We next turn to Dele's academic freedom claims. Dele finds a protected right to academic freedom in the University Handbook, which contains the statement that a “teacher is entitled to full freedom in research and in the publication of the results, subject to the adequate performance of his/her academic duties.” He complains that Blackshire-Belay tried to prevent him from associating with two other faculty members in the department, Dr. Kwasi Ampene and Dr. Francois Muyumba. Finally, Dele construes Blackshire-Belay's advice that he shift the focus of his community activities from African to African-American culture as an infringement of his academic freedom.
Academic freedom rights are rooted in the First Amendment. Generally speaking, the state may not take action that “cast[s] a pall of orthodoxy over the classroom,” which is traditionally the “marketplace of ideas.” Keyishian v. Bd. of Regents, 385 U.S. 589, 603, 87 S.Ct. 675, 17 L.Ed.2d 629 (1967). Even so, academic freedom “is not absolute, and must on occasion be balanced against important competing interests.” Dow Chem. Co. v. Allen, 672 F.2d 1262, 1275 (7th Cir.1982). Further, we have repeatedly noted that “one dimension of academic freedom is the right of academic institutions to operate free of heavy-handed governmental, including judicial, interference.” Osteen v. Henley, 13 F.3d 221, 225-26 (7th Cir.1993); see also Webb v. Bd. of Trs. of Ball State Univ., 167 F.3d 1146, 1149 (7th Cir.1999); Piarowski v. Ill. Cmty. College Dist. 515, 759 F.2d 625, 629 (7th Cir.1985).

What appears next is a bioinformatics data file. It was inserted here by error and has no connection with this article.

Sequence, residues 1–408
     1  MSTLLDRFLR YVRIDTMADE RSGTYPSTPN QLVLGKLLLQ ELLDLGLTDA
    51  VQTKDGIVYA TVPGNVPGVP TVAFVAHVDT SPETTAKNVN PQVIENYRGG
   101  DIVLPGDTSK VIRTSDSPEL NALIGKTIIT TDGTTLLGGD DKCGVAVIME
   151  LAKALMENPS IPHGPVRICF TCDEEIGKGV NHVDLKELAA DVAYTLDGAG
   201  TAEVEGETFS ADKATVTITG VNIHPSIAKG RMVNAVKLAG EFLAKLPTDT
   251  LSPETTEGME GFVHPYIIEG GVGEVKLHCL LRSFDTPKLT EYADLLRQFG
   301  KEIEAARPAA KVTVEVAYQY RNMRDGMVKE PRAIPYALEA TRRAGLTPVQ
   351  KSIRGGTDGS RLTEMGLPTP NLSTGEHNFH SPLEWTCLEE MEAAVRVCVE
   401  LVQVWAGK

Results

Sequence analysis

Because academic freedom rights must ultimately flow from the First Amendment, claims of their violation are subject to all the usual tests that apply to assertions of First Amendment rights. See Keen v. Penson, 970 F.2d 252, 257-58 (7th Cir.1992) (rejecting an academic freedom claim on the grounds that the communication in question did not implicate a matter of public concern); see also Piarowski, 759 F.2d at 628-29 (applying public forum analysis to an academic freedom claim). In light of this fact, we agree with the district court that Dele's academic freedom claim fails because he did not allege that he was ever restricted from or sanctioned for speaking publicly about an issue. Neither of the two actions upon which Dele focuses his argument-Blackshire-Belay's advice not to associate with particular faculty members, and her advice to devote more time to community activities involving African-American, as opposed to African, culture-restricted his ability to disseminate publicly his views as a teacher or scholar. Any disputes Dele had concerning his association with other faculty or his community activities concerned the performance of his duties as an employee of the university and a member of the department, not as an interested citizen or an academic communicator of protected ideas. See Clark v. Holmes, 474 F.2d 928, 931 (7th Cir.1973). See generally Connick v. Myers, 461 U.S. 138, 146, 103 S.Ct. 1684, 75 L.Ed.2d 708 (1983); Pickering v. Bd. of Educ., 391 U.S. 563, 568, 574-75, 88 S.Ct. 1731, 20 L.Ed.2d 811 (1968).